- 1 Introduction
- 2 Responsibilities
- 3 Making Decisions
- 4 Composition
- 5 Coda
The Fedora Council is our top-level community leadership and governance body. It is responsible for stewardship of the Fedora Project as a whole, and supports the health and growth of the Fedora Community.
The Council is composed of a mix of representatives from different areas of the project, named roles appointed by Red Hat, and a variable number of seats connected to medium-term project goals. Decisions are made by a consensus process, in which we work together as a common team to find shared solutions and address concerns, with a focus on giving voice rather than on balance of power.
The Council is ultimately accountable for the Fedora Project as a whole, and is responsible for providing advice to and oversight of other Fedora governance bodies and teams as needed.
The Council is responsible for issues of strategic importance for Fedora that require leadership and coordination across the various teams and subprojects to achieve.
Its primary role is to identify the short, medium, and long term goals of the Fedora community and to organize and enable the project to best achieve them. This is done in consultation with the entire Fedora community through transparent, public discussion.
The Council governs Fedora's financial resources, working with our sponsor(s) to establish an annual budget allocated to support Fedora initiatives, including Fedora Ambassadors, Fedora-managed events, and other activities which advance the project's goals.
The Council also decides on issues regarding use of the Fedora trademarks, is responsible for final arbitration of complaints related to project policies and for settling disputes escalated from other committees or subgroups, and may handle sensitive legal or personnel issues which require research and discussion to protect the interests of the Fedora Project or its sponsor(s).
Many basic decisions are made through a process known as "lazy approval", in which general consent is assumed unless valid objections are raised within a period of time — generally three to seven days, although the timeframe should be stated each time and should be proportionate to the impact of the action. This process is used for decisions with short-term consequences and which can be easily reversed. Any project member can ask for the deadline to be extended or the decision escalated to require full consensus.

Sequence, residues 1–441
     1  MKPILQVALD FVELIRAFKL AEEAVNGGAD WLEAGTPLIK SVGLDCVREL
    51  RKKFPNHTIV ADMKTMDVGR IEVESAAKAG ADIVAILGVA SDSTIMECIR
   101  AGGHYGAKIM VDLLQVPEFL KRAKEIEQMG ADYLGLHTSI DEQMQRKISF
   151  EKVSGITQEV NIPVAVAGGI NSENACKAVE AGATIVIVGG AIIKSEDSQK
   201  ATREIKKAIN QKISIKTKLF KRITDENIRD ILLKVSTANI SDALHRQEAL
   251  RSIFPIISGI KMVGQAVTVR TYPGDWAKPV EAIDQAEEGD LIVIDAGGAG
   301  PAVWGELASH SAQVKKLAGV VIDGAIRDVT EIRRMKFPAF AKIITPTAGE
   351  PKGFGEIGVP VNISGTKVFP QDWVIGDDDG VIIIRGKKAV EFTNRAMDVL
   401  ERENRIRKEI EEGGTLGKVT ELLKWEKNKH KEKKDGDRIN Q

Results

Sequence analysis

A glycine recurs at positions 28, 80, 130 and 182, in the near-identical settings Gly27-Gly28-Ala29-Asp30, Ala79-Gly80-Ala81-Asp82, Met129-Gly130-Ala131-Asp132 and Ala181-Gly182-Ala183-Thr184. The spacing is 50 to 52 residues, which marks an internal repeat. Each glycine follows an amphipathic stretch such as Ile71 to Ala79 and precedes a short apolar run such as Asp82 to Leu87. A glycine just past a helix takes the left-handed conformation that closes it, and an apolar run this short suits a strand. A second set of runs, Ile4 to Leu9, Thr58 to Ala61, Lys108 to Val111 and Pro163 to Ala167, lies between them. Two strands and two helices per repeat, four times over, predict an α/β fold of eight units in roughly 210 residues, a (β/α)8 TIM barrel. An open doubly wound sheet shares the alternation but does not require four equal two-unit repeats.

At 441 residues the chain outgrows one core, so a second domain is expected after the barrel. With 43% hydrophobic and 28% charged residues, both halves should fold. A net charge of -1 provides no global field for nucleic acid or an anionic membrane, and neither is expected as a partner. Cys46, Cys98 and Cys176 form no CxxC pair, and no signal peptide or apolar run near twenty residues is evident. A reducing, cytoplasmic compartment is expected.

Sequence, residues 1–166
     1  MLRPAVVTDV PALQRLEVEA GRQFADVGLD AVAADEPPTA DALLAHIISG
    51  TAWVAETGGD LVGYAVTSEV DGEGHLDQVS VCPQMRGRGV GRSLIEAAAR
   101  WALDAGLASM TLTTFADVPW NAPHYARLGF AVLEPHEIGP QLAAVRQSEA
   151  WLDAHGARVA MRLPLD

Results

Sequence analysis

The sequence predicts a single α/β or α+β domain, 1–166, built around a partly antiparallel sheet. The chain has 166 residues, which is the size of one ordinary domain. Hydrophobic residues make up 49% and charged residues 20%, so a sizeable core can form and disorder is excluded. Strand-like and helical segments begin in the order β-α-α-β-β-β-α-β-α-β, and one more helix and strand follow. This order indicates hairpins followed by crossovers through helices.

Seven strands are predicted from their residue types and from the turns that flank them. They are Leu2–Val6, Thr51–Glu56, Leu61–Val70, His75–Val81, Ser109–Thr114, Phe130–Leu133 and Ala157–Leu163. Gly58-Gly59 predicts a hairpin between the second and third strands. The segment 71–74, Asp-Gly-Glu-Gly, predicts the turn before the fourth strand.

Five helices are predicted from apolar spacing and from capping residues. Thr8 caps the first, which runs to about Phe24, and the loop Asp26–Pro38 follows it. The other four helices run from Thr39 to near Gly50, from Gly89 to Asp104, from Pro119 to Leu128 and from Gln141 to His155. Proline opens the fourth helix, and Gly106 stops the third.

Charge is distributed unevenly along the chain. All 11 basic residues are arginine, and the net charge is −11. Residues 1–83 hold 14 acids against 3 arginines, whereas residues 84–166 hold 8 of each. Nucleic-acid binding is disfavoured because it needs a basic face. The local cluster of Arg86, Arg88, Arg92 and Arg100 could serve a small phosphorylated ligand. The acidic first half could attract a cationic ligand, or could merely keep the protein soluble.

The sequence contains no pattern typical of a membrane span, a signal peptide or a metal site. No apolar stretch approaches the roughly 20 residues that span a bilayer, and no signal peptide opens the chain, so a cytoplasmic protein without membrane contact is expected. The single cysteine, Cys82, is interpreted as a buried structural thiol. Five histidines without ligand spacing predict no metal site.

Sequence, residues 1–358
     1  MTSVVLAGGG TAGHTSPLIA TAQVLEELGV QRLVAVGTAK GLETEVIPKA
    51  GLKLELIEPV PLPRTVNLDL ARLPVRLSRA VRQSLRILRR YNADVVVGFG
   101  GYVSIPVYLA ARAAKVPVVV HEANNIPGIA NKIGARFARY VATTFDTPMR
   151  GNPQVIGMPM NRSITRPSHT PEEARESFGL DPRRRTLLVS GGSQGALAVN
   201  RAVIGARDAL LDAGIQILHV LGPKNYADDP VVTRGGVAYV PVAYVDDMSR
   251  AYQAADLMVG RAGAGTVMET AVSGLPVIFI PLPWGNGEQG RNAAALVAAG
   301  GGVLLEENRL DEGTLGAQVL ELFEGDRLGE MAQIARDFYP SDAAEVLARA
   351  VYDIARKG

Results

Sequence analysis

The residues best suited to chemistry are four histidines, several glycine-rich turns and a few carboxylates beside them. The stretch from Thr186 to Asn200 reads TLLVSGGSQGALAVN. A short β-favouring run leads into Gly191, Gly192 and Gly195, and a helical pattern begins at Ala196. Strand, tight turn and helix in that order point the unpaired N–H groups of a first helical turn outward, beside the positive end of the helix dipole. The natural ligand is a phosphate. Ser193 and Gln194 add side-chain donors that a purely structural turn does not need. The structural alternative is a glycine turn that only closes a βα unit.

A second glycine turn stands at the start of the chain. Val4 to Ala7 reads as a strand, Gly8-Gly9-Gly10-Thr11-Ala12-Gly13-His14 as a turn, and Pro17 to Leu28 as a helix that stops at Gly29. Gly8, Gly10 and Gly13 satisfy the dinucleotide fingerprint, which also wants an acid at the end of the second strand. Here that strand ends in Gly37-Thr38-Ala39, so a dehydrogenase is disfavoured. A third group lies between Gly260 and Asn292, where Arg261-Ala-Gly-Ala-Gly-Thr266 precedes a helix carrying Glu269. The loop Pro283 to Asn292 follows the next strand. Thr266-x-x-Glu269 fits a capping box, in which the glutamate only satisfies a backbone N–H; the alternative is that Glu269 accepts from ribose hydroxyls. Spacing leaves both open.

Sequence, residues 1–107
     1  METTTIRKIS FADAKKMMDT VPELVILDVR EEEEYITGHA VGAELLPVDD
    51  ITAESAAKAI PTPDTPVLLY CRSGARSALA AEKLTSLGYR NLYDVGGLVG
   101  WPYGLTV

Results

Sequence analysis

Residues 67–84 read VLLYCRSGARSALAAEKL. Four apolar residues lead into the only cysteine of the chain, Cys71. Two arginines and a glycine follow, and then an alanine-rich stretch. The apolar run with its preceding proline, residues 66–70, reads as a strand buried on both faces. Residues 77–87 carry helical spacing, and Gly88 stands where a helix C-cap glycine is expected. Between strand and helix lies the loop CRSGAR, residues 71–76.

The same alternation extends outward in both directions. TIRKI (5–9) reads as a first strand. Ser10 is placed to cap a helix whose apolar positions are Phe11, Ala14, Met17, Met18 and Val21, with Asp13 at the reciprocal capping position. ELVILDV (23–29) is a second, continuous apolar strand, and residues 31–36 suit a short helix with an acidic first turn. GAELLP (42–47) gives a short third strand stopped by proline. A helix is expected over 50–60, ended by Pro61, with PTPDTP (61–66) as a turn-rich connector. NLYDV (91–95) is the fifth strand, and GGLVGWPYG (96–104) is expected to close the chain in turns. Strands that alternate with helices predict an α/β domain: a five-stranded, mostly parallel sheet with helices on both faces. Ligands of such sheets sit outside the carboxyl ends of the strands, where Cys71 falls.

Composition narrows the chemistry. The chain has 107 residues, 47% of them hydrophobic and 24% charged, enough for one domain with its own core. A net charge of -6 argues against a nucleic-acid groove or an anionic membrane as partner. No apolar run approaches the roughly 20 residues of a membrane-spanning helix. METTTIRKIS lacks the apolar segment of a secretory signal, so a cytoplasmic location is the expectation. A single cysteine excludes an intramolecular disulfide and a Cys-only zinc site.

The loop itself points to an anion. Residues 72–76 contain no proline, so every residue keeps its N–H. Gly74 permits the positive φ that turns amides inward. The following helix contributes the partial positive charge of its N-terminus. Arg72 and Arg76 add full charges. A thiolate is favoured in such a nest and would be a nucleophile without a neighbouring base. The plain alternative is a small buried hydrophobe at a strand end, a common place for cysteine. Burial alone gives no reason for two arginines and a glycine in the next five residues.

More significant decisions are made through a process of full consensus. In order to pass, these decisions need three positive votes (+3) and no negative votes (-1). A negative vote immediately halts the process and requires discussion. Therefore, in order to remain valid, negative votes must be supported with a specific concerns about the poposal, and suggestions for what could be changed in order to make the proposal acceptable. A vote of "0" is sometimes used to indicate a disagreement but willingness to stand aside; this should also be accompanied with an explanation.
This model matches Fedora's "Friends" foundation, which calls for finding acceptable consensus to serve the interests of advancing free software. It works because we work together in a community of mutual respect even when we disagree.
In general, the Council conducts business in public discussion, and any Fedora project member can make negative or positive votes. It is the duty of the Council to take concerns raised in this way into serious consideration, but only Council members' votes are binding in the final tally.
When consensus can't be reached, the Council may ask the Fedora Project Leader to decide on a resolution. Such a request can be made when issues leading to negative votes are outstanding and all Council members agree that the Council is deadlocked, or if the dispute is unresolved after fourteen days and a simple majority of Council members are in favor of the request.
On an ongoing basis, including sessions at Flock and in public online meetings, the Council will identify two to four key community objectives with a timeframe of approximately eighteen months, and appoint Objective Leads for each goal. These will serve as auxiliary Council members, with binding votes only over concerns relevant to their particular area.
Each objective will be documented with measurable goals, and the objective lead is responsible for coordinating efforts to reach those goals, evaluating and reporting on progress, and working regularly with all relevant groups in Fedora to ensure that progress is made.
The Council also includes four representative seats, an Engineering Representative, an Mindshare Representative, and two Elected Representatives.